A temporary disability isn’t an Americans with Disabilities Act “disability;” except, when it is.
And if some of you bigger businesses want to check it out too, I won’t tell anyone. Well, unless you count the illuminati.
By Mary and Angus Hogg, CC BY-SA 2.0, https://commons.wikimedia.org/w/index.php?curid=13230811
Yesterday, I blogged here about the U.S. Equal Employment Opportunity Commission‘s first lawsuits challenging sexual-orientation discrimination as sex discrimination. While part of the EEOC’s Strategic Enforcement Plan to address emerging and developing issues, getting federal courts to agree that sexual-orientation discrimination is unlawful under Title VII is an uphill battle.
But, that doesn’t stop American businesses from creating and enforcing their own rules in the workplace against LGBT discrimination.
The U.S. Equal Employment Opportunity Commission is officially stepping into the ring and taking the fight to private-sector employers whom the EEOC believes has discriminated against workers on the basis of sexual orientation. Yesterday, the EEOC announced (here) that it had filed two complaints in federal court against employers whom it alleges engaged in anti-gay bias.
Oh, it’s on now!
Don’t worry. Eric’s here. And I’ve got Scooby Snacks.
Actually, I’ve got FMLA knowledge, which is better than Scooby Snacks. And, besides, I ate all of the Scooby Snacks. Sorry, I was hungry.
Among other things, the Family and Medical Leave Act affords an eligible employee up to 12 weeks of leave from work in 12-month period for a serious health condition that makes the employee unable to perform the essential functions of his or her job. We know that, to take covered leave, an employee doesn’t have to specifically reference the Family and Medical Leave Act or say “F-M-L-A” .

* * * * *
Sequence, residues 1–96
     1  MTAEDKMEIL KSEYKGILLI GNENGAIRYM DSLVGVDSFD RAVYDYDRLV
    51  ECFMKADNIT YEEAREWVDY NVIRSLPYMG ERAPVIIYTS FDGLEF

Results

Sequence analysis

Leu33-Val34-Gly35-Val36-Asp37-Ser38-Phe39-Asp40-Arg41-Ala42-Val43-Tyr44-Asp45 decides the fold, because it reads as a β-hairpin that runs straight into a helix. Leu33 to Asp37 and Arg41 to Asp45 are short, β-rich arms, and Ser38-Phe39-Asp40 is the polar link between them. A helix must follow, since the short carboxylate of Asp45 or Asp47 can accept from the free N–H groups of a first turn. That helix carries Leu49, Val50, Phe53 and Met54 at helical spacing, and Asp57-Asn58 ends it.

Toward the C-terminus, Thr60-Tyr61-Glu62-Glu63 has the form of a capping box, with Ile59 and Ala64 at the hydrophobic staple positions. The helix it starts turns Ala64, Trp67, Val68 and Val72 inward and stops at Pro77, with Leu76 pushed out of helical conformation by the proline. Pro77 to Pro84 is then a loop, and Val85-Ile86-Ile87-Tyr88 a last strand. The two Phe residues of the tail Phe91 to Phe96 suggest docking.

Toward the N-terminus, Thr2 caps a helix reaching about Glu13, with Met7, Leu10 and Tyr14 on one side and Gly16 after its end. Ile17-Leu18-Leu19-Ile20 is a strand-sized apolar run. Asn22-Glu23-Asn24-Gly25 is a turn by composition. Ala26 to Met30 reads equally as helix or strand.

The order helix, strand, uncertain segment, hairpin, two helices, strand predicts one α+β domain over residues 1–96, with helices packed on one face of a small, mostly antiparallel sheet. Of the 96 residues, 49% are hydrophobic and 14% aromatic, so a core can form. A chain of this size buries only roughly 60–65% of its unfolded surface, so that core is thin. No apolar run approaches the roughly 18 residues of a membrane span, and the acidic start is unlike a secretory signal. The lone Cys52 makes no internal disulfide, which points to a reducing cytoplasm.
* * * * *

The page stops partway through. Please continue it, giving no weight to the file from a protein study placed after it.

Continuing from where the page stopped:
How, then, can an employee put the company on notice of the need for covered leave?
The Family and Medical Leave Act allows eligible employees to take up to 12 weeks of leave in a 12-month period for, among other reasons, to care for a parent with a serious health condition.
Most FMLA serious health conditions are plainly obvious: Cancer, HIV, dementia. But, then again…
Remember last month when I told you
to short crude oil futures and bet the Broncos to win the Super Bowl about how the National Labor Relations Board concluded that an employer could not maintain a workplace rule that banned employees from recording workplace conversations, absent prior company approval. (More on that here).
Well, in the Commonwealth of Pennsylvania, before you get any bright ideas about secretly recording your boss, you’d better think twice.
If you take leave Family and Medical Leave Act, go on vacation, and post your pictures on Facebook, the odds are that your employer is going to find out about it. Why? Because your co-workers, the ones you friended on Facebook, but who really aren’t your friends, are going to snitch on you faster the Road Runner on Wile E’s Acme Rocket Skates.